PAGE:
September 28, 2020 | website | No Comments
A website dedicated to publishing pictures of and identifying Covid-19-related skin rashes has been criticised for sharing just two BAME examples.
The British Association of Dermatologists’ Covid-19 Skin Patterns website features around 400 images of Covid-19 associated rashes, but the collection features very few pictures of people with darker skin tones.
It shares images of rashes which were gathered by the Covid Symptom Study app in response to growing evidence that they are a side effect of the disease.
The list ranges from prickly heat and chickenpox-type rashes to raised itchy hives and chilblain-like “Covid fingers and toes.”
Evidence from the app showed the rashes were present in around 9 per cent of app users who had tested positive for Covid-19. Meanwhile, a sixth of children experienced a rash and no other symptoms.
Cosmetic doctor and founder of Adonia Medical clinic, Dr Ifeoma Ejikeme, told the Standard the lack of BAME examples being used in the medical sector is a “huge problem”.
She said: “This is a huge problem in our medical sector, this even occurs in medical literature as there is often a lack of representation especially in regards to black skin.
“I was disappointed when I saw the lack of black or brown skin but I was not surprised.”
Ore Odubiyi, the director of BME Medics, told the Guardian: “When we consider that certain BAME communities in the UK are disproportionately impacted by Covid-19, it is crucial that visual resources which show how Covid-related skin changes may appear in darker skin tones are made readily available at a similar standard seen in resources exemplifying signs of disease in fairer skin tones.”
A spokesman for the British Association of Dermatologists’ site said that only 173 of 3,000 picture submissions came from individuals from BAME ethnicity.
But he said, following feedback, the site is “now planning to upload images of darker skin tones even where the rash is less clear”.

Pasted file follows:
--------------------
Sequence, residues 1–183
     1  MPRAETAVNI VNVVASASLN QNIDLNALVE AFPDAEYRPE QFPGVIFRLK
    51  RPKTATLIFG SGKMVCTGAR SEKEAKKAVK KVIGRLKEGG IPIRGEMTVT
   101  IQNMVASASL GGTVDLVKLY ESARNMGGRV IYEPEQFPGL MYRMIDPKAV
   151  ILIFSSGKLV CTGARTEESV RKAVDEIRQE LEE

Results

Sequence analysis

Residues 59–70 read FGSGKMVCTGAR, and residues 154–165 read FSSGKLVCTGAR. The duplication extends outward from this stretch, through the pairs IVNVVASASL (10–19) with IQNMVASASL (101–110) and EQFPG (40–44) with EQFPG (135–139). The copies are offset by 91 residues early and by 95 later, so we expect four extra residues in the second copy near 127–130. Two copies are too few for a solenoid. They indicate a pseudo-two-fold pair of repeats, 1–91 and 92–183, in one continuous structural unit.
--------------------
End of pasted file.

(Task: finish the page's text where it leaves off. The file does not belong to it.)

The spokesman said: “We received just under 3,000 pictures of suspected Covid rashes via the app during our survey.
“Although the skin survey specifically requested that individuals from BAME ethnicity also submit pictures, only 173 were received.
“This may be explained, in part, by cultural factors but also because rashes are less visible on darker skin and may have been difficult to photograph.”
Dr Ejikeme, who has extensive experience in global training in Medicine and Surgery, said medical professionals and charities need to adapt their approach when working with those from the BAME community.
She said: “I’m not sure what cultural factors they are referring to but the only thing I can think of is the Black, Asian and minority ethnic group have been historically left out in research and literature and therefore they may be more hesitant to speak up or come forward.
“When we (black people) have a rash we don’t go red, there is no change in skin tone, so you need to make sure your surveys or questionnaires bare that in mind.
“Perhaps ask whether there has been a change in the texture of their skin or if there are any changes on their skin that concerns them.”
Co-author of a handbook of clinical signs on black and brown skin and senior lecturer in diversity and medical education, Margot Turner, raised a similar point when speaking with the Guardian.
She said: “There are so many situations in which black people may not present themselves to medical professionals because they may not recognise themselves in the language or the pictures that we use typically use.”
A spokesman from the British Association of Dermatologists’ said: “Following feedback, we are now planning to upload images of darker skin tones even where the rash is less clear, as this may be preferable to not featuring images that fully represent all skin types.
“Our overall intention with this project was to provide a public service to help people during a difficult time, certainly not to cause division or distress, and we sincerely hope we can achieve this.”
Gallery: 7 signs you may have had Covid-19 without realising it, according to doctors (Harper’s Bazaar (UK))